Aug 6, 2011

Posted by in Recipes | 2 Comments

Shepherd’s Pie

Shepherd’s Pie

I had never heard of shepherd’s pie until I’d seen Sunny Anderson make it on her Food Network show, Cooking for Real; the first time I saw her make it, I needed to try it, it looked SO good.  The idea to me is spectacular, to combine the comfort of mashed potatoes with crunchy vegetables and melted cheese, along with juicy hamburger meat.  The dish is a comfort in and of itself; it requires no side dish or extra frills, just a tall glass of cold milk.

This dish, specifically, is an adaptation on Sunny’s original that I tried when I first discovered the wonders of shepherd’s pie. I kicked up the flavor level on the mashed potatoes, adding cheese and green onions; I left the skins on the potatoes to not only give it a little extra flavor, but also to add to it’s nutritional value.  I kept the vegetables as they were, but they could be substituted with almost any other vegetables; I’ve heard the original version (from England, I believe) is made with peas and carrots; I bet corn would be tasty as well.  Every ingredient in this recipe could be personalized in some way, and changed to fit your taste preferences, so if you’re not crazy about it, read it through and get creative, it’ll still turn out great!

This is one of those dishes I like to make on a Monday night (Monday is my last day off of the weekend, then it’s back to work Tuesday through Friday), because I get to spend some time in the kitchen, and I have leftovers for a couple of extra meals.  Shepherd’s pie is great when refrigerated and reheated; it’ll keep for a few days, if there’s any left!

Originally posted December 2nd, 2010.

Ingredients:

2-3 lbs red potatoes, washed and cut into chunks (you can peel them if you prefer, but I’d recommend leaving at least most of the skins on; choose your amount, depending on how thick you want this layer to be)

2 cloves garlic, smashed

Salt & pepper

6 tbsp unsalted butter

½ cup heavy cream

½ cup parmesan cheese, grated

2 scallions, chopped

2 tbsp vegetable oil

1 ½ lbs ground beef

2 tsp Worcestershire sauce

½ tsp cayenne pepper

2 tbsp tomato paste

½ cup low-sodium beef broth

1 medium yellow onion, chopped

1 red bell pepper, julienned*

2 zucchini, julienned*

2 medium carrots, peeled & grated

1 tsp paprika

4 ounces Havarti or mozzarella cheese, grated

Optional: sour cream and/or Tabasco sauce, for garnish

**I julienned, then cut each piece into three (pictured below)

 

What to do:

In a large skillet over medium-high heat, combine 1 tbsp butter and 1 tbsp oil; when butter melts, add beef, Worcestershire, cayenne, salt and pepper. Cook until meat is browned; stir in tomato paste and cook for a few minutes.

 

 

Add stock and bring to a simmer. Simmer for a few minutes, allowing the beef to absorb the liquid. Then remove from heat and move to a large bowl (remove only the meat to the bowl, leave the liquids in the pan).

 

 

Next, get the potatoes started while prepping the rest of the ingredients. Cover potatoes and crushed garlic with enough water to cover by 1 inch. Add salt and bring to a boil over high heat, then reduce to medium-high and cook until fork tender, about 15-20 minutes.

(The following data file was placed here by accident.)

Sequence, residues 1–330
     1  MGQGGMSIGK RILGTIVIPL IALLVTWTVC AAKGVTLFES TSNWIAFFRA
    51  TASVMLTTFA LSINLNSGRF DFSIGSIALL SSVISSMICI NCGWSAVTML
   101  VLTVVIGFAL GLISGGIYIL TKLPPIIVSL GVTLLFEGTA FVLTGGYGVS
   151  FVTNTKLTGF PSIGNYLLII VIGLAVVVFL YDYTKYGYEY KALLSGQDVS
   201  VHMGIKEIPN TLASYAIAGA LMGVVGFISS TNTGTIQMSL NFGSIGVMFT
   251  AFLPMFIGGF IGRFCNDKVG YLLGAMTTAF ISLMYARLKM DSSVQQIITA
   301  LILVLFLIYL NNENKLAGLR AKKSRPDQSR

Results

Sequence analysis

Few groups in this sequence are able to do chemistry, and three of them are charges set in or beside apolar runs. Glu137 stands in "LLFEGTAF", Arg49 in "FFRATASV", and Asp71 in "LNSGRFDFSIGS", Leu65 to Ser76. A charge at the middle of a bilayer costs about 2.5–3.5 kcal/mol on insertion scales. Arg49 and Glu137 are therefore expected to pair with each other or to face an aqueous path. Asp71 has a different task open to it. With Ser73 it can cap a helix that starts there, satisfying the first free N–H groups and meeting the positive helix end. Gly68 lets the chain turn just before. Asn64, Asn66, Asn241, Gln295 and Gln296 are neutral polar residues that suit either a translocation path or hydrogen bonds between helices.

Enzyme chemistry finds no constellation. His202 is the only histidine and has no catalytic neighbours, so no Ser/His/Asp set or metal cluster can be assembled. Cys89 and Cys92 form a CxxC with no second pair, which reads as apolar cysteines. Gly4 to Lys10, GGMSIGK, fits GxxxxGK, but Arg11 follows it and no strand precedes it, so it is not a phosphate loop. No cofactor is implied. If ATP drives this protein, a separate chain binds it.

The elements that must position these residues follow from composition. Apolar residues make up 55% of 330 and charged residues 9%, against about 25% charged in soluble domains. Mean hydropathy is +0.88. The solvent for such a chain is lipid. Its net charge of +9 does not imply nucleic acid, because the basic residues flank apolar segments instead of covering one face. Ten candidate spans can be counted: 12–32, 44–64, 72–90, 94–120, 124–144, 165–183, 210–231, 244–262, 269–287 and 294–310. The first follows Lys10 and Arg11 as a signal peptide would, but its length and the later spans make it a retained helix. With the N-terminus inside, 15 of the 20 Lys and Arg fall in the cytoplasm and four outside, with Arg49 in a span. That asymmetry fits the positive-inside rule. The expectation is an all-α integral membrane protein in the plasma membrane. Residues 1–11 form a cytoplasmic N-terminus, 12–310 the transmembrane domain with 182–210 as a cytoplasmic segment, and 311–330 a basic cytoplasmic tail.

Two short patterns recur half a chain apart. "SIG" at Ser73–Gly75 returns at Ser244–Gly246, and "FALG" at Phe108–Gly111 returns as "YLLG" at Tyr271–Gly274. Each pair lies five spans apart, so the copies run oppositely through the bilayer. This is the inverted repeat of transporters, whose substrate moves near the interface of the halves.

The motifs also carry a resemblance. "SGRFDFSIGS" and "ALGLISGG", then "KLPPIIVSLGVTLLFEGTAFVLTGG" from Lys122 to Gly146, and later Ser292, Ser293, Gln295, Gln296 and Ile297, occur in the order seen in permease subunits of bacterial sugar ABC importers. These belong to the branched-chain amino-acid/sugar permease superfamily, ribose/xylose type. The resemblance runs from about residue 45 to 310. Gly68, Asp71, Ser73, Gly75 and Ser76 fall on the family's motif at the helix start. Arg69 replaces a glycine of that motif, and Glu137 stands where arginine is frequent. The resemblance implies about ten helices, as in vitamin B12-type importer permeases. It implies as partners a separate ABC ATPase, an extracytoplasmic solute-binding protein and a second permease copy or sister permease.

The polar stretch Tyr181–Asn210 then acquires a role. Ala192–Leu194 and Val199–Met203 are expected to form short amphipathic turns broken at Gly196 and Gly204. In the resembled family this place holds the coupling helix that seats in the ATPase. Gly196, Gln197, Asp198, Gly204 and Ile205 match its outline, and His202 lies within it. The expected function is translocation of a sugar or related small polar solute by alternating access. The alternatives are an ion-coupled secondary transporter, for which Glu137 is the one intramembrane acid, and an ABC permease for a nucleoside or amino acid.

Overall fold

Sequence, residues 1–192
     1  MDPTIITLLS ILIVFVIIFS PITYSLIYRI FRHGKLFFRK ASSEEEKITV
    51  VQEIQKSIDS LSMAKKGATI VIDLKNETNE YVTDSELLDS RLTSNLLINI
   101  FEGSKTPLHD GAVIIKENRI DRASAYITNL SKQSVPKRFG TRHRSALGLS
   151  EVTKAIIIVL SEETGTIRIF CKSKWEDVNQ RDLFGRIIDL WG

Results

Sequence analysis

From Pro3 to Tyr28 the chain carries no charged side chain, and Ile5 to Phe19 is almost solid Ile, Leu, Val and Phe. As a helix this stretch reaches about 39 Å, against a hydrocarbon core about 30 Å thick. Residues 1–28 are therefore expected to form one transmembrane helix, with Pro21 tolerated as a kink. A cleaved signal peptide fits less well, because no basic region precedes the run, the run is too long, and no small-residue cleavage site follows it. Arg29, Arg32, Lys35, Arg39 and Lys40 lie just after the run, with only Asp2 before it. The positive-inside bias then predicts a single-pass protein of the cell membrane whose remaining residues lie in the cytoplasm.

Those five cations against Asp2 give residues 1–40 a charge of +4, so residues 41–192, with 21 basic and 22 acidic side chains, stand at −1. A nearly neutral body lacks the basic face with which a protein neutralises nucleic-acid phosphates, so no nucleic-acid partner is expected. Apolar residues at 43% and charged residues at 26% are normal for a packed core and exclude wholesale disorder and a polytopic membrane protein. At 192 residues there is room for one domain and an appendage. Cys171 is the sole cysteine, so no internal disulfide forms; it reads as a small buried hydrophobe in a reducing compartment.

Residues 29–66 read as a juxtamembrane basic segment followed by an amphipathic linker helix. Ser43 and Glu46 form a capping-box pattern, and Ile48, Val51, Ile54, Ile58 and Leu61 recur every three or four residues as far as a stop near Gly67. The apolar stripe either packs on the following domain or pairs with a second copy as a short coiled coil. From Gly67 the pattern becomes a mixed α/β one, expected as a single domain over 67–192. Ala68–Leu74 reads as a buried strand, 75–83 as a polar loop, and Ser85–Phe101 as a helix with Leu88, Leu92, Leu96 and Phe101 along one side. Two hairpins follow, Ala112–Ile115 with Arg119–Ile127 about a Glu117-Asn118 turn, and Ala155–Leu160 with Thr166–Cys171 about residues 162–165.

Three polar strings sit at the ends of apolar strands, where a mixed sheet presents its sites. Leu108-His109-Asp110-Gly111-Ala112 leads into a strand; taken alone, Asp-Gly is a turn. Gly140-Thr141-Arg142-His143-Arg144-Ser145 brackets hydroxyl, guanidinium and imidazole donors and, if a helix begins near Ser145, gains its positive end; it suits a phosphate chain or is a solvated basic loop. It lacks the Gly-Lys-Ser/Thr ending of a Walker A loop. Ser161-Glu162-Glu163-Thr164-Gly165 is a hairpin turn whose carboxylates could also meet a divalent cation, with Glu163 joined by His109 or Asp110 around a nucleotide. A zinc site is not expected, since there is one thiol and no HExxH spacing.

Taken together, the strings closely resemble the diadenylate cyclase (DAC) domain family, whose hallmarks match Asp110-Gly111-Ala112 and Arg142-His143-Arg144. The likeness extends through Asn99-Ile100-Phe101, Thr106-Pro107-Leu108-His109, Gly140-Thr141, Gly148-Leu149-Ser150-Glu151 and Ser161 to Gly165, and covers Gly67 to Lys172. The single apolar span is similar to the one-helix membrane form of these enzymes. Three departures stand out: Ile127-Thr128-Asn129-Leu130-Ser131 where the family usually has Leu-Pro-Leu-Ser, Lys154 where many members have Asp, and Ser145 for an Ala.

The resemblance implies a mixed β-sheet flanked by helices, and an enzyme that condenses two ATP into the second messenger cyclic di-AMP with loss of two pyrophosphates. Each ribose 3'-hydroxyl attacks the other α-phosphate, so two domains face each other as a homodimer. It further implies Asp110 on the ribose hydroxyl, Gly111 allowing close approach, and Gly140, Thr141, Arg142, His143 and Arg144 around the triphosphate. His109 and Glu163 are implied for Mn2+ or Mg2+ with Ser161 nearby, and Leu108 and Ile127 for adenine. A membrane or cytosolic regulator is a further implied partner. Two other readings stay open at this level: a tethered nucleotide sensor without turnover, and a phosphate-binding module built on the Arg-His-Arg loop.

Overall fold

While the potatoes are cooking, prep the remaining ingredients. Chop the onion first, so it can start cooking while you’re working on the other veggies. In the same skillet used to cook the beef, add remaining butter (2 tbsp) and oil (1 tbsp); sauté onions until almost tender (5-7 minutes).

 

 

While the onions are cooking, cut the red pepper and zucchini. Julienne both first, cutting into long matchsticks (as shown below).

 

 

Then cut each long matchstick in half. Repeat this process with the zucchini, and you should finish just as the onions are finishing up.

 

 

Preheat oven to 375ºF.
Add the red bell pepper, zucchini, carrots, and paprika to the skillet with the onions. Cook until tender, about 10-15 minutes; remove from heat.

 

 

By this time, the potatoes should be finished. Remove from heat, drain and return to pot.

 

 

Mash potatoes with 3 tbsp unsalted butter, heavy cream, parmesan cheese, and scallions. Season with salt and pepper to taste; set aside and keep warm.

 

 

In a 9”x12” baking dish, make a layer of beef on the bottom, and cover with some of the shredded cheese.

 

 

Next, add a layer of about half of the vegetables.

 

 

Add another layer of beef, cheese, veggies, and a little more cheese. Spread mashed potatoes over the top and sprinkle with paprika. Bake for 30 minutes or until top is golden brown.
This is what it should look like before and after cooking in the oven. Allow to cool for a couple of minutes before cutting into it, so that the juices have a chance to settle and the crust on top of the mashed potatoes will harden a bit.

 

 

Optional garnish: sour cream and/or Tabasco sauce.  Enjoy!

 

Finished product:

 

 

The term cottage pie emerged in 1791, when potato was being introduced as an edible crop affordable for the poor. Shepherd’s pie appeared in the 1870s; the principal ingredient being lamb (hence shepherd); since then both terms have been used synonymously, regardless of whether the principal ingredient was beef or lamb.


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  1. A few years ago I’d have to pay someone for this infromatoin.

  2. I love shepards pie. I have always like to include corn in mine however some members of the family can not eat corn so I used carrots and pea’s as you mentioned above however I never thought to use zucchini! I will have to try that because I prefer them to peas anyday. thanks for the tip!

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